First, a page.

The moment you are face to face with the past that has broken you—may be the same moment you come face to face with the knowledge of how to set it free. That moment when you realize you are the prisoner—not the man in chains—that is the time when you want to plea to your Father for true forgiveness.

For the first time since Rob pointed a gun and shattered the night, I felt true hope—and not the kind of hope that could only come after the ending of a trial—I felt reassured that everything would one day be made right. I knew in that moment that no matter how the trial would end—I was going to be standing.

There are not going to be many moments in our lives when we have the opportunity to stare at our pain face to face . . . but our struggles are real. Even the ones you cannot see are sometimes unbearable. Many struggle with depression; some are plagued with disease. Some people have been abused, neglected or forgotten.

We are all facing some sort of trial. Not everyone will get to sit in a courtroom through a murder trial to try to put together the broken pieces of the past, but we all—at one time or another—will have to face them head on. If you have spent the last nineteen months—or the last nineteen years, trying to run from the past . . . STOP.

Running from the past doesn’t change anything today—it only dilutes the happiness of tomorrow.

Now is our time to set it free. The past was long ago—even if it was just yesterday . . . it doesn’t have to follow you around any more. You can start fresh today—and you have a Savior who can show you the way. Your pain may have held the power over you in your life for all this time—but you don’t need it to survive. It is hard to let it go . . . when it has been your lifeline—but once you set it free . . . you will see that it was suffocating you all along. Set yourself free. Pray for the peace you are walking around seeking.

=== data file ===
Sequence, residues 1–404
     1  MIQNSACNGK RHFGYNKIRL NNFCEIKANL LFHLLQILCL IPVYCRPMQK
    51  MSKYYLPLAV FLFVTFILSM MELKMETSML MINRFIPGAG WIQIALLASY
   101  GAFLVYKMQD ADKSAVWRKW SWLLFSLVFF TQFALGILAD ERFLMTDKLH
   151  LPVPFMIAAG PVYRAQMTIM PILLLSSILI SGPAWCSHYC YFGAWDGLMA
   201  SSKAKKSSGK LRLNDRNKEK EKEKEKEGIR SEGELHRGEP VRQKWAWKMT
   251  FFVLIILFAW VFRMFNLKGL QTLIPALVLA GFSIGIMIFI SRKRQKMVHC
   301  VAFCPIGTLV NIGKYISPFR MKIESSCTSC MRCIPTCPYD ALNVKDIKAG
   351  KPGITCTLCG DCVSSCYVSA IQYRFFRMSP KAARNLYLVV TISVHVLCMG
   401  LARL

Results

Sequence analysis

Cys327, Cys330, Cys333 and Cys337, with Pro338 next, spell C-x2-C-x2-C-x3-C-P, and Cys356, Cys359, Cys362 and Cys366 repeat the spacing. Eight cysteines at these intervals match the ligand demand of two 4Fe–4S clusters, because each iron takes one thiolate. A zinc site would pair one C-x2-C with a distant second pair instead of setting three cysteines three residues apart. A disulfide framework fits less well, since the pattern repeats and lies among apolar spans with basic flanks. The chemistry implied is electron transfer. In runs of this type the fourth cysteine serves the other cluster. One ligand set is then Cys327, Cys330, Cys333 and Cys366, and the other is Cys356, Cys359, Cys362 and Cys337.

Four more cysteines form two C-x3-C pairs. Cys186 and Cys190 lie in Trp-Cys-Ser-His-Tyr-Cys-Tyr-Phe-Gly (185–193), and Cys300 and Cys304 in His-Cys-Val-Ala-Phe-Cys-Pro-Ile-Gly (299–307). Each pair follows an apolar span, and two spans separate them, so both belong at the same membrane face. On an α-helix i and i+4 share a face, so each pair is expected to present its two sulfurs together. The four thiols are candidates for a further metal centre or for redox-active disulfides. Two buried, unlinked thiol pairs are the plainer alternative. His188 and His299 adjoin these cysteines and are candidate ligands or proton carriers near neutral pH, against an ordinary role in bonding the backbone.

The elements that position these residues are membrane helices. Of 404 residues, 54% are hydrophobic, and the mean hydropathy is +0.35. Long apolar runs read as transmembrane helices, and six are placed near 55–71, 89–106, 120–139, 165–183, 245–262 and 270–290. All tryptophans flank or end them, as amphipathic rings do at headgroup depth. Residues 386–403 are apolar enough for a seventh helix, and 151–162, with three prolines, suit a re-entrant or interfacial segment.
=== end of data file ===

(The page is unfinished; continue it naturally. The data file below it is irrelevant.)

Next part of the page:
Maybe you aren’t standing outside of a courtroom waiting for a reason to turn the handle—but it is waiting for you to. Turn the handle. Step inside. If you walk away and pretend it is not there—it still isn’t going to go away. Maybe you are not brave enough to do this, but are you brave enough to walk away and never know? It is your time. You deserve to be happy. You deserve to smile every day.

Not every day will be breathtaking . . . but there will be beauty in each one.

Most days we take a few steps forward . . . or fall a few back—on the day that I was face to face with the man who murdered my husband—I didn’t fall back—I flew forward. I didn’t read about forgiveness in a textbook or my scriptures—I felt it in my heart. I was face to face with the love that Christ had blessed me with. I knew that because of Rob I had much that was taken from me—but I also knew . . . that because of Him I could be made whole again. My happiness had nothing to do with where, what or how Robert Hall would spend the rest of his life. My happiness had everything to do with me. I was face to face with the past—but I was finally able to see what the future could bring.

Life is going to knock us down. It is a proven fact (at least for me) that the more we try to do good—the harder Satan will get us to doubt—and to fall. The next month of the murder trial would be just that for me. I would get knocked down, and then I would get right back up—over and over and over again . . . coming face to face with reality, coming face to face with more heart ache . . . but even greater—coming face to face with the knowledge that I was not alone.

November 6, 2014

Absolutely Not